The Light Side: Hey, Brain, Stop Messing with My Eyes
January 24, 2014
Our eyes are arguably our most important tools, helping us navigate through this crazy world. But even more important than our eyes are our brains -- we can function without sight, but without our most powerful organ, we are dead. But sometimes, our brains screw with us.
It is the brain's trickery that gives us optical illusions (and we're not talking about the kinds of deception Lance Burton peddled at the Monte Carlo in Vegas). When we see an image that is different from objective reality, our brains have taken the information from our eyes and, trying to organize and make sense of it, produced a perception for us. As well-known neuroscientist R. Beau Lotto wrote in BBC News, "In fact we never see what our eyes see."
Some patterns confuse the brain. And when it gets confused, it doesn't want what our eyes see. Instead, it digs into our past experiences and attempts to create a contextual image from the confusing information. Scientists say this comes from our evolutionary psychology that's been critical to our survival.
"The beautiful thing about illusions is they make us [realize] things are never what they seem, and that our experiences of the world shape our understanding of it," Lotto wrote.
After you've absorbed all of that, here's a little mind-scrambler. Try and count the black dots in the picture below... remember to pull away after a while. An explanation of what you will see is below the image.
Film marketers have, for generations, leaned on all kinds of publicity stunts to get people buzzing about a movie and ultimately into theaters. The rise of viral video, however, has opened up new possibilities with "terrifying" results.
Take, for instance, last October's prank at a West Village coffee shop in New York City to generate word of mouth for Carrie, a remake of the 1976 classic horror film based on Stephen King's novel. Two actors were hired for the publicity stunt, in which one gets directed up a wall by the other, through wire special effects rigging, to simulate the movie character's telekinetic powers. Unsuspecting patrons got a way-extra jolt with their coffee, and the video showing their fear-stricken panic has gotten more than 53 million views to date.
The guerrilla-marketing agency behind the publicity stunt, Thinkmodo, was at it again earlier this month. This time, promoting the low-budget horror flick Devil's Due, Thinkmodo set out to scare the bejeezus out of New York City passersby with a remote-controlled baby stroller tucking a frightening animatronic newborn. Albeit less clever than the last idea, "Devil Baby Attack" has garnered almost 38 million views.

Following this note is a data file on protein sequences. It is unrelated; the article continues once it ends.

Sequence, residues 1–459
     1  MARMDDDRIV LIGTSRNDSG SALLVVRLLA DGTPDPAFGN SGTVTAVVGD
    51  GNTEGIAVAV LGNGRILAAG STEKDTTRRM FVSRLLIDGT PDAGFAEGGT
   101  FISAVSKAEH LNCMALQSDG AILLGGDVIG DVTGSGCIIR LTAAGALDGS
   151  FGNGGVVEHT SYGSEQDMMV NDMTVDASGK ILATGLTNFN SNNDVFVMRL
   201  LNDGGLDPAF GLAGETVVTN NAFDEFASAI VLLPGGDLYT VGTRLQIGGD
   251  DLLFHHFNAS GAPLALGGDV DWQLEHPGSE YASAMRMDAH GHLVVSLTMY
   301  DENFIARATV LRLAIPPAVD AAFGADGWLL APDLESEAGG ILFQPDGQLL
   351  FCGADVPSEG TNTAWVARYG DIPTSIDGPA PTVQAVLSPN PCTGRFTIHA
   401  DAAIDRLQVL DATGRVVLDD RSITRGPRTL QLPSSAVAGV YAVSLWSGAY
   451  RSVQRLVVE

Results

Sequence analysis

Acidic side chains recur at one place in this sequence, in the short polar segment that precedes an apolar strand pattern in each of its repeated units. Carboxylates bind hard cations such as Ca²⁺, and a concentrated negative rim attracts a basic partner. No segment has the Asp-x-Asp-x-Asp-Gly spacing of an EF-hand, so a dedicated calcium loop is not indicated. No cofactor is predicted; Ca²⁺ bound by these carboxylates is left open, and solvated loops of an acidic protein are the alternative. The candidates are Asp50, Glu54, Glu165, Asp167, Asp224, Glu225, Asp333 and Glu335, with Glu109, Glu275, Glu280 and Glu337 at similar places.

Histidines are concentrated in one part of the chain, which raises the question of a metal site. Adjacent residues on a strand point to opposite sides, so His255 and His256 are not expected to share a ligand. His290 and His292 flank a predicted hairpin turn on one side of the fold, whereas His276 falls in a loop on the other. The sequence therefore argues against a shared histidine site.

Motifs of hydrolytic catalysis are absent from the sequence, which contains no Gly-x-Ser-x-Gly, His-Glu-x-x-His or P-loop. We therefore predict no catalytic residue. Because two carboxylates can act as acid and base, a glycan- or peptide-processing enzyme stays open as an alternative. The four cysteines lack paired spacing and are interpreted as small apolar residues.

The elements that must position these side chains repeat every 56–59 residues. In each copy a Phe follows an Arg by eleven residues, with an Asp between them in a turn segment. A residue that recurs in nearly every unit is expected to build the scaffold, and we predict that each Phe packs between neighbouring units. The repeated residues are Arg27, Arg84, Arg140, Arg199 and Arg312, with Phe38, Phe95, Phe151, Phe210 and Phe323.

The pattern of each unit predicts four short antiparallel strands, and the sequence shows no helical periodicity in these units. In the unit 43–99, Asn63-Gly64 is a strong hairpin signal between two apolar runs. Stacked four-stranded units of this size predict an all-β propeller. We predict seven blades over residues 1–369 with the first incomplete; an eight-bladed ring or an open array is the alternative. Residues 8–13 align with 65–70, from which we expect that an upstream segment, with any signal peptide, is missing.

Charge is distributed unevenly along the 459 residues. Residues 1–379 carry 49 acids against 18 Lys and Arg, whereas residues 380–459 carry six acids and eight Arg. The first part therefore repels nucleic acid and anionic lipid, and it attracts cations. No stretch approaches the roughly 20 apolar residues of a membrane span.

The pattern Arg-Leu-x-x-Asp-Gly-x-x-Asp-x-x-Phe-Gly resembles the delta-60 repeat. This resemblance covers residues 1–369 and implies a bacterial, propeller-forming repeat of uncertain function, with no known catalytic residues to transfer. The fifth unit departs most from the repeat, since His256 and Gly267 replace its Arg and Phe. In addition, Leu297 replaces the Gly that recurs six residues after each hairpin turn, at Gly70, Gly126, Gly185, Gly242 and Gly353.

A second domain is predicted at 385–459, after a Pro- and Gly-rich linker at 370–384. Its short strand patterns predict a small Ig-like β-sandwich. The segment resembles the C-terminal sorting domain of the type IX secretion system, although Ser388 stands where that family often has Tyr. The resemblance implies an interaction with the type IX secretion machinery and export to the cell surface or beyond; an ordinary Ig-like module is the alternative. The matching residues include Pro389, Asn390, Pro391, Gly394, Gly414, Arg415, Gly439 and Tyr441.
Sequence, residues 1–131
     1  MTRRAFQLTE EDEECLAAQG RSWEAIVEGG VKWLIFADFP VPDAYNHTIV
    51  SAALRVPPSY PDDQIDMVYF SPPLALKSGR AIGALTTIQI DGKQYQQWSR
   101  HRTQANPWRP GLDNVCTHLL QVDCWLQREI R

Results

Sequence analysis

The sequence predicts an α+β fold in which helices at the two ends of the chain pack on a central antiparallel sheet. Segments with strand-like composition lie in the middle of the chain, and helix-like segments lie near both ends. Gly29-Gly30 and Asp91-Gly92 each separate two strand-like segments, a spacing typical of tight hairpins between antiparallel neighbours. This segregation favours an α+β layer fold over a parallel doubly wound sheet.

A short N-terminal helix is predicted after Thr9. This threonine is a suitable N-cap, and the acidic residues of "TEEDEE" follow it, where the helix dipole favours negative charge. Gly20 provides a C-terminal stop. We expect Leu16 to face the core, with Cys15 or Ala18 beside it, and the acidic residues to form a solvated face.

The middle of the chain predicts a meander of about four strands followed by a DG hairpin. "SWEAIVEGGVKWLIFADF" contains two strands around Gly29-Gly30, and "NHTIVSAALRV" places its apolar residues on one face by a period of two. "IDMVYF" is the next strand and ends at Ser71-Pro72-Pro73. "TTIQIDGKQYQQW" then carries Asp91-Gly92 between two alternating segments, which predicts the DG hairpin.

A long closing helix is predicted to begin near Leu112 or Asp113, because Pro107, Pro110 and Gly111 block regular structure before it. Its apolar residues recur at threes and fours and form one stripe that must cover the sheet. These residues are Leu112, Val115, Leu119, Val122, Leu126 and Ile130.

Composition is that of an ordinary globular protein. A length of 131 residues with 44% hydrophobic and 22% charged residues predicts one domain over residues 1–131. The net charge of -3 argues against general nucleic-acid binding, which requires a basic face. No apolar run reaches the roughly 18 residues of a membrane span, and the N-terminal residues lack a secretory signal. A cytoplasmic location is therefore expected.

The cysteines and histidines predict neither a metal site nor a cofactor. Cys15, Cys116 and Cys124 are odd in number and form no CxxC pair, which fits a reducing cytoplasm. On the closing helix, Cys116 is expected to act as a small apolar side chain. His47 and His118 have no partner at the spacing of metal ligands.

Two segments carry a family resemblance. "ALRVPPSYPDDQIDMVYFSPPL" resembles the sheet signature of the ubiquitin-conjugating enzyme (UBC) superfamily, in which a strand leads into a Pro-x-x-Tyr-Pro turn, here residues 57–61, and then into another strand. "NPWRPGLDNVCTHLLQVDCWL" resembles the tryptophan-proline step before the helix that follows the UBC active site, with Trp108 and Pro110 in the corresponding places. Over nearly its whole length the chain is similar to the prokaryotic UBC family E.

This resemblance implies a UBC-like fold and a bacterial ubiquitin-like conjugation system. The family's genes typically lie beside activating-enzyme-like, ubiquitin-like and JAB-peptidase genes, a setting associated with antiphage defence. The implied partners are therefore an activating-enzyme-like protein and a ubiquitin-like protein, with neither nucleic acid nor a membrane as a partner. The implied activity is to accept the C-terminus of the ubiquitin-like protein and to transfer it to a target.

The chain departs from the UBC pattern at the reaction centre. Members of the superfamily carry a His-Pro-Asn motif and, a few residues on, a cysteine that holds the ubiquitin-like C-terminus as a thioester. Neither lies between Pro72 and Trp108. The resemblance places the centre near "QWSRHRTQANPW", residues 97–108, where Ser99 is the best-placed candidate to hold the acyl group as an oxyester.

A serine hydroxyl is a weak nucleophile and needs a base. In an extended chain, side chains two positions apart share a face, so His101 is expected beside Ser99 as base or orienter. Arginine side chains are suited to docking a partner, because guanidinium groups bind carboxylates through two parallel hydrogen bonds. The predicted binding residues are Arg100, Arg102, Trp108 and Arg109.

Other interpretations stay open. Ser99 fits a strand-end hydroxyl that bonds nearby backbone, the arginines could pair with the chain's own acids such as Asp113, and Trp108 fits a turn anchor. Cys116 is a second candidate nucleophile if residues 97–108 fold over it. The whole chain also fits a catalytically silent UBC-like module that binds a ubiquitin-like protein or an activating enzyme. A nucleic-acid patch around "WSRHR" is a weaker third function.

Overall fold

New York City-based Thinkmodo hatches up viral video campaigns for online engagement and earned media coverage. It counts Sony Pictures, 20th Century Fox, CBS Films, and the AMC cable television network as clients.
With no well-known actors carrying it, Devil's Due had to rely on good buzz before its Jan. 17 opening. Through one weekend, the film has already made back its $7 million budget with $8.3 million in box office receipts. It was another successful stunt by the crack members of Thinkmodo, but maybe next time people will be ready for them.
Till then, props to the man at the one-minute mark in the video who didn't flinch.
DIYers who would like to find some lost treasure but don't want to fork money over for a metal detector, well, you're in luck.
On Engineering.com's "Engineering How To's" video channel, a video produced by Howcast shows how an old pocket AM/FM radio, a calculator, a standard compact-disc jewel case, and some Velcro can be put together to make an ad-hoc buried-coin or lost-jewelry finder.
Maybe you have always wanted to go prospecting on weekends. Now you can; just look in your junk drawer.[youtube]http://www.youtube.com/watch?feature=player_embedded&v=nyXQbcEnUzE[/youtube]
Check out more Engineering.com videos:
British Invasion of Offbeat Signs
The pranks didn't end in New York City. Some naughty bloke plastered fake signs with humorous public service announcements all over the Tube in London.
We're fairly certain Transport for London, which runs the subway -- and the Queen (see why below) -- weren't amused. Hey, at least it isn't graffiti.
But you have to admit the fake signs are pretty cheeky and certainly made the morning rush hour a little less monotonous. For the full imagery, see here.
Top photo credit: khunaspix at FreeDigitalPhotos.net